Galapagos question -- same result


#1

galapagos always arrives at the same ,not quite exact, solution of -.001021 when running this definition:

galapagosQuest.gh (7.4 KB)

is there a setting i might be able to change to get this to arrive at a perfect solution? or, why is it always ending up with the same answer regardless of how many times i run it?

thanks


#2

So disclaimer - I’m only just learning to use Galapagos myself, but here’s what I threw together:


I threw an absolute value on the result of the length subtraction.

I set Galapagos to minimize the results. I didn’t use the same circles or lines as you, and the results weren’t equal but were close - mine were 19.183 and 19.179.


(Wim Dekeyser) #3

Why is it always ending up with the same answer? Well, that is because it is the correct answer. Given your constraints, that is. – and perhaps a bug?

  1. Constraints: You have the slider for the parameter for the curve domain set to the max of 6 decimal places but in between 0.534290 and 0.534291 there is an infinite amount of space that gets projected to the curve. The longer your curve is, the more space will not be checked. You will therefor never get to the “exact” solution. You can shorten your line to minimize the gap.

  2. Bug: I manually changed the parameter with 0.000001 increments to find the ‘optimal given the constraints’ solution and that appears to be at parameter 0.534294 (giving a difference in length of 0.000129 units). Taking a few screen dumps when the solution is being calculated shows that Galapagos doesn’t try with 0.000001 increments but only 0.000010. That explains why it ends up at 0.534290.


(David Rutten) #4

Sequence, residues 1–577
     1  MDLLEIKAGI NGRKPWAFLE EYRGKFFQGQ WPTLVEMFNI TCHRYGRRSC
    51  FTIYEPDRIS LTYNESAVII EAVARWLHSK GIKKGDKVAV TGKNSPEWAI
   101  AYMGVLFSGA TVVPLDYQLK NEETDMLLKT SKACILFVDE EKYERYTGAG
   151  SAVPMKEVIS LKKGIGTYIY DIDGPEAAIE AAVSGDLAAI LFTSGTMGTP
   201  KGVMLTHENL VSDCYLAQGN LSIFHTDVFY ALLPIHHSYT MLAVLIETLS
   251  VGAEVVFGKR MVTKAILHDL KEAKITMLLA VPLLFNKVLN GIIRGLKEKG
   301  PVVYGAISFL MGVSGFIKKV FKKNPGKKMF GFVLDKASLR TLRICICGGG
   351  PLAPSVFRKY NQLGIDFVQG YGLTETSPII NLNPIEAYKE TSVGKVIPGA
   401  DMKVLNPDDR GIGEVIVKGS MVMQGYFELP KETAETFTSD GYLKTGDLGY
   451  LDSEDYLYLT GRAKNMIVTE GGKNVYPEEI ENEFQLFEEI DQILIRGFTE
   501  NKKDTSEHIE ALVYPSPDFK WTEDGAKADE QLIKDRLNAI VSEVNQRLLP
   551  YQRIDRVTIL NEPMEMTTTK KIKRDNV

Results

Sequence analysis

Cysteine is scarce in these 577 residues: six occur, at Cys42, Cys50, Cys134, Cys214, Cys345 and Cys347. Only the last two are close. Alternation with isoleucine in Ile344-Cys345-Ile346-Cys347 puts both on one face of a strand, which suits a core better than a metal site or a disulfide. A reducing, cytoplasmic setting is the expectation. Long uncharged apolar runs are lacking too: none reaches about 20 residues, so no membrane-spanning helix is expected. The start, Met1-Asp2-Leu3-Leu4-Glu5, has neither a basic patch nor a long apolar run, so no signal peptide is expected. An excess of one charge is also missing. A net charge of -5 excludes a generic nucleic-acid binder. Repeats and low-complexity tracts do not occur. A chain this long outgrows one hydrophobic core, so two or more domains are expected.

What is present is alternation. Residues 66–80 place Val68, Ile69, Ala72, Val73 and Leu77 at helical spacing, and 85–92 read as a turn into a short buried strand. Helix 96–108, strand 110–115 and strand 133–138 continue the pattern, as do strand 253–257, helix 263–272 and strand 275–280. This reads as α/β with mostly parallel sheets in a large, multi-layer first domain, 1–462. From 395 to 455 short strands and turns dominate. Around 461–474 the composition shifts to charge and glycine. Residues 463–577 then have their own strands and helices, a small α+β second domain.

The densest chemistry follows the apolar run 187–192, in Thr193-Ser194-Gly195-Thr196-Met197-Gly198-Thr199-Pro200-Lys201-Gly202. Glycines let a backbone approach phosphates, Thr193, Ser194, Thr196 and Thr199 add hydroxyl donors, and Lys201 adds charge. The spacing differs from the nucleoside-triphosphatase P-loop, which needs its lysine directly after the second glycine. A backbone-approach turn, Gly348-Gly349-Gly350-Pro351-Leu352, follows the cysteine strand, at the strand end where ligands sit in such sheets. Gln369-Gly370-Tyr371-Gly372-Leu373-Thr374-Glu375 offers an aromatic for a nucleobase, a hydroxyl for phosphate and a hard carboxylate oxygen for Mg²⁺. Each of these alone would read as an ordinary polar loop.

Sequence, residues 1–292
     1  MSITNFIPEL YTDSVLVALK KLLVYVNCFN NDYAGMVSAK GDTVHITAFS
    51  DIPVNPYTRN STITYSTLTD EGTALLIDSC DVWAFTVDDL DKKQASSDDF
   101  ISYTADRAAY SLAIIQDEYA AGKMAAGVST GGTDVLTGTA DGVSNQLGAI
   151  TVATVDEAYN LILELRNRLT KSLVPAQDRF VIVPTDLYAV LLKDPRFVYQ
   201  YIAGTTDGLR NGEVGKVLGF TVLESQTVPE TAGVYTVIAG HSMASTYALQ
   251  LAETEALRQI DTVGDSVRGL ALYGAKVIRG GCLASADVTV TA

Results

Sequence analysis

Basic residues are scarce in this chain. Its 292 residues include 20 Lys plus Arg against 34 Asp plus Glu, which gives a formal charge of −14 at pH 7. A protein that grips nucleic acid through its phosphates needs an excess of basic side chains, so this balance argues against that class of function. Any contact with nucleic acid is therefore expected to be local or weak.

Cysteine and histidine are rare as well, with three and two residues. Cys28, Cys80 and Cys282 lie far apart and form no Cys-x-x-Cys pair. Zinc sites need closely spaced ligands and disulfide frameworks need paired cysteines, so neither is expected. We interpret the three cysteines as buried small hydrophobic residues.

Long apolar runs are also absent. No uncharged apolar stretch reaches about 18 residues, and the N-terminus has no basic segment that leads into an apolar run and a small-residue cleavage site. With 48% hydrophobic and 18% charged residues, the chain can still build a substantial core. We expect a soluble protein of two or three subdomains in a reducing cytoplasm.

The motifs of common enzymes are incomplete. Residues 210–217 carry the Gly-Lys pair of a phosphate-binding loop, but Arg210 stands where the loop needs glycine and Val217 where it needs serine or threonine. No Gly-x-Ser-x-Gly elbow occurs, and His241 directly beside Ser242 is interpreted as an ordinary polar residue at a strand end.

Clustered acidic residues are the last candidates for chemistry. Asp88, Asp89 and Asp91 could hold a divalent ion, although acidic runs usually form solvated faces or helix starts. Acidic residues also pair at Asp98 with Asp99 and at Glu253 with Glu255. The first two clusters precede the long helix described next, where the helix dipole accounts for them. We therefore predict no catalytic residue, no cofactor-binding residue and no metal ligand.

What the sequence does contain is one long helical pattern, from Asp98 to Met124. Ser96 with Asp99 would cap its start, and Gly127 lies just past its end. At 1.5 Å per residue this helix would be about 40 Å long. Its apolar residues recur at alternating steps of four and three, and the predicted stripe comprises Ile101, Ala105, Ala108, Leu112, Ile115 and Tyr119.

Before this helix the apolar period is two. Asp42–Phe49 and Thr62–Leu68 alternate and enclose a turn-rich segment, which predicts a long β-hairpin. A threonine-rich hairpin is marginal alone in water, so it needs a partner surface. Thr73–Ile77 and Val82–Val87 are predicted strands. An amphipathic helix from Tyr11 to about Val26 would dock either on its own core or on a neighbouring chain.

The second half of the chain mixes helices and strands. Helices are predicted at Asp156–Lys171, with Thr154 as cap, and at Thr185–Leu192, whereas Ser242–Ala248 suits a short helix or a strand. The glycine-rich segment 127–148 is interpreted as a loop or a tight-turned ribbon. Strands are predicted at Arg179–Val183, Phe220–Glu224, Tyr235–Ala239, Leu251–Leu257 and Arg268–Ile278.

Not exactly a bug, but a problem nonetheless. Galapagos treats sliders not as floating point values in some floating point domain, but as integers representing indices. Index=0 is the lowest value the slider can assume. Index=1 is the next value up, and so on. However when the total number of distinct values exceeds some large number (a million, I think, I’d have to check) it starts taking larger steps.

It’s a bug by design if you will, the steps could have been smaller (and indeed they will be in GH2, my new slider code supports a maximum of long.MaxValue distinct indices).

One way around this limitation now is to use two sliders to create a single number. Have one slider A control the major spacing, then add a second slider B for making tiny adjustments to that one value. Ie. the final value (assuming both slider are in the (0,1) range) would be A + B/100000


#5

ah. ok… the answer IS the right answer when there are only 5 decimals to work with… got it! thanks

nice. i’ll try that (tonight)… i was trying a work around where the line shrinks (so the t value moves in smaller jumps as the correct solution nears) but didn’t quite get it working properly… using multiple sliders to build a single value sounds easier though.

thanks boys


#6

using multiple sliders to make one value did the trick…

with two sliders (making ten decimal places), the solution is a lot smaller than my typical rhino tolerances… with three sliders (making 15 decimal places), the solution arrives at 0.0

galapagosQuest_2.gh (11.9 KB)


so yeah, thanks again for the workaround idea.


#7

I run into this before and what I did was the following:

I use to run Galapagos twice (Now that I know the issue the multiple sliders option makes sense). Once to get an overall idea where the ideal solution would be located and the second run I would narrow down my search space (reducing the slider range and increase the precision of the slider) and rerun the solution. Might not be an ideal solution if you GH definition takes a few seconds to compute.